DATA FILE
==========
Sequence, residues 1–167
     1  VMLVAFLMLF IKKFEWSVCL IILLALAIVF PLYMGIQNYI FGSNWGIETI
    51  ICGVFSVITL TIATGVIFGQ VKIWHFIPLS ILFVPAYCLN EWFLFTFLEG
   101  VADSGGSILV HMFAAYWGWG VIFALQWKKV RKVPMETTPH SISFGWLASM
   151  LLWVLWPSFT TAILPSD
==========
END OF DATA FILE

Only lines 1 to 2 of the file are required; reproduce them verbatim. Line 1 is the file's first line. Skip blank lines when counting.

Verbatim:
Sequence, residues 1–167
     1  VMLVAFLMLF IKKFEWSVCL IILLALAIVF PLYMGIQNYI FGSNWGIETI